Sen. Raphael Warnock (D) won his first full term in the U.S. Senate by snagging the last open seat on Tuesday by defeating Republican challenger Herschel Walker in a Georgia runoff election.

“After a hard-fought campaign — or, should I say, campaigns — it is my honor to utter the four most powerful words ever spoken in a democracy: The people have spoken,” Warnock said in a speech before his supporters on Tuesday night. “I often say that a vote is a kind of prayer for the world we desire for ourselves and for our children. Georgia, you have been praying with your lips and your legs, your hands and your feet, your heads and your hearts. You have put in the hard work, and here we are standing together.”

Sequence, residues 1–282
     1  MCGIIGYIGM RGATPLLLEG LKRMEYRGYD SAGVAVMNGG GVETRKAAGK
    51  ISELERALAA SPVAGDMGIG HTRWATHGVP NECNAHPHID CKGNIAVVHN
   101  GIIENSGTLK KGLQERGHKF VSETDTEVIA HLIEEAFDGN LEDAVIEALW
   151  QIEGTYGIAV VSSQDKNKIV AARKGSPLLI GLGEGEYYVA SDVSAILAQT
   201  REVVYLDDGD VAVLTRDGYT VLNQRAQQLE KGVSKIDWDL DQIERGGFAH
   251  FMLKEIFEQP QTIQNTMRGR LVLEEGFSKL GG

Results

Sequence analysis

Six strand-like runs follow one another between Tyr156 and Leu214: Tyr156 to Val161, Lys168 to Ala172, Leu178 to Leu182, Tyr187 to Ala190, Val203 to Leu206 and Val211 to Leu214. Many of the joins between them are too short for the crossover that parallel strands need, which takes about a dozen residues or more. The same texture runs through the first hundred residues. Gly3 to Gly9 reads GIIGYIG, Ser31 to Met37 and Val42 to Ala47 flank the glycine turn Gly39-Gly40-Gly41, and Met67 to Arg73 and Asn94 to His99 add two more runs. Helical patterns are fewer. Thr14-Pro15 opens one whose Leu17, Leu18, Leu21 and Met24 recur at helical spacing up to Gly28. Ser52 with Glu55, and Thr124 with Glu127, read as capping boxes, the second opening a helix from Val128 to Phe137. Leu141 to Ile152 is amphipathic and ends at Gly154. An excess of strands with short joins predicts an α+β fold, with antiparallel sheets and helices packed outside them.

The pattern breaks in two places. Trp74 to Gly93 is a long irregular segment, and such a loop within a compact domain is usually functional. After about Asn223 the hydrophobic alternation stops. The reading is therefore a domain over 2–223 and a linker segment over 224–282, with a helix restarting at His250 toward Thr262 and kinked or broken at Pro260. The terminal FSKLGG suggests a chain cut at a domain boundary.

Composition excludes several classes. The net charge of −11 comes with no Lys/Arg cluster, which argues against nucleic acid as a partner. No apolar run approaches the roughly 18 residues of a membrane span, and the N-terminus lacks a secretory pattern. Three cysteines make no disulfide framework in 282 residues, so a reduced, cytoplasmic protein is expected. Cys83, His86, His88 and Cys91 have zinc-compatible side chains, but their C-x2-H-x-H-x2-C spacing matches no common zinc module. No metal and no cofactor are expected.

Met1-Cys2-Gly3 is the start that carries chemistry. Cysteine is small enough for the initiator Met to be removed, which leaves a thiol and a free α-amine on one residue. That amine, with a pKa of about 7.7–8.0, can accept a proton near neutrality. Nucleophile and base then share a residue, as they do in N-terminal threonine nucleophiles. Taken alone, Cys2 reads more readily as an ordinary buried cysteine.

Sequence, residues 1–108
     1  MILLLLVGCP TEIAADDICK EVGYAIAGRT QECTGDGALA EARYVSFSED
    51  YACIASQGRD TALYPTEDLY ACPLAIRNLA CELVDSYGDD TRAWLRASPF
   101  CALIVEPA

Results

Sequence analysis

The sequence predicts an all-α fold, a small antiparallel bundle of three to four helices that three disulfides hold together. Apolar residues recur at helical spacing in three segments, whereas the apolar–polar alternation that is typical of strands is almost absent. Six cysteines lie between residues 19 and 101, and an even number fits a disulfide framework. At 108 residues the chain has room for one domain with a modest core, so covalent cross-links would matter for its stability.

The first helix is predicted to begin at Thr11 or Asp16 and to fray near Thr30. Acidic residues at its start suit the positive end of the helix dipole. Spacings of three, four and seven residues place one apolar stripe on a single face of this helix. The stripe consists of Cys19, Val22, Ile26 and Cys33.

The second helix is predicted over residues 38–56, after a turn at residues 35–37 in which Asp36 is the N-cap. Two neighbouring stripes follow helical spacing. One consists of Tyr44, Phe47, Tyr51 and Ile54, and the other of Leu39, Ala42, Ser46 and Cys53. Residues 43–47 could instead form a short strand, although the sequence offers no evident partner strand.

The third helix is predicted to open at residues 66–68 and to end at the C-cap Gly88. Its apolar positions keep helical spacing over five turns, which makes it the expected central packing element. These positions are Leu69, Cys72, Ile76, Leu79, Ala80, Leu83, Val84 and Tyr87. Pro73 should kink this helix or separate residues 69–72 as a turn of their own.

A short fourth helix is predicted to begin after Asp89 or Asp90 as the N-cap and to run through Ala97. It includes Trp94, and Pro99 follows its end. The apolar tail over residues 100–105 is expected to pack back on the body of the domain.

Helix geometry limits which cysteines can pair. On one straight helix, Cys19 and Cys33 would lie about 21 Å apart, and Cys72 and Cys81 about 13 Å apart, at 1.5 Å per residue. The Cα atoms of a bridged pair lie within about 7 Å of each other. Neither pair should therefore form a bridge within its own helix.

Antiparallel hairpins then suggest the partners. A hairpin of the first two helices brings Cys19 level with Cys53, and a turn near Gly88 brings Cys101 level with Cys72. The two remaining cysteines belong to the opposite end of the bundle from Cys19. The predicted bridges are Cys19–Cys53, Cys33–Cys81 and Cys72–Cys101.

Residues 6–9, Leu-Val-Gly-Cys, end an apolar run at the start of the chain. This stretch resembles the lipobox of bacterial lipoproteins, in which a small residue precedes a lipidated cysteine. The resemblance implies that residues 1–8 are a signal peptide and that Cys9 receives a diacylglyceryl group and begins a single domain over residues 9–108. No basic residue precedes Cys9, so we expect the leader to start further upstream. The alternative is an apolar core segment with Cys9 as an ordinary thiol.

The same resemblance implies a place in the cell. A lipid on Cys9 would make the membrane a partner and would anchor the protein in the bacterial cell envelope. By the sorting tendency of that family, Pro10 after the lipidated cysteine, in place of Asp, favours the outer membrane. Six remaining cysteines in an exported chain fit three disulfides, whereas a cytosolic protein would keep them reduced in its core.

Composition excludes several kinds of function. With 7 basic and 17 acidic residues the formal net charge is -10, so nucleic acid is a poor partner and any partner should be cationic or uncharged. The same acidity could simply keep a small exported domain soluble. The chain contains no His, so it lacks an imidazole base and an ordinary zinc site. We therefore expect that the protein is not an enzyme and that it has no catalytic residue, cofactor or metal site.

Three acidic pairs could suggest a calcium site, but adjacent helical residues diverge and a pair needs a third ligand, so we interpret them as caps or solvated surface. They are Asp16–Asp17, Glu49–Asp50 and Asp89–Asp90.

The upper chamber will now be split 51-49 with the Democrats in a true majority. They added one more seat with John Fetterman (D) beating Mehmet Oz (R) in Pennsylvania from the evenly split Senate of the past two years where the Democrats had Vice President Kamala Harris as a tiebreaker. This solidifies a disappointing election cycle for the Republicans who were projected to take control of both houses of Congress.

Neither Warnock nor Walker were able to reach the 50% threshold required to avoid the runoff in the midterm elections last month, but in the runoff, Warnock brought in 51.4% of the votes in comparison to Walker’s 48.6%. This also marks another former President Donald Trump-backed candidate to be defeated.

Before Trump lost Georgia in 2020, no Republican candidate had lost the state since 1992. Since Walker was hand-picked by Trump to challenge Warnock, his loss holds major implications in solidifying many Republicans’ intentions to look elsewhere for leadership in 2024 even though Trump has already announced his candidacy.

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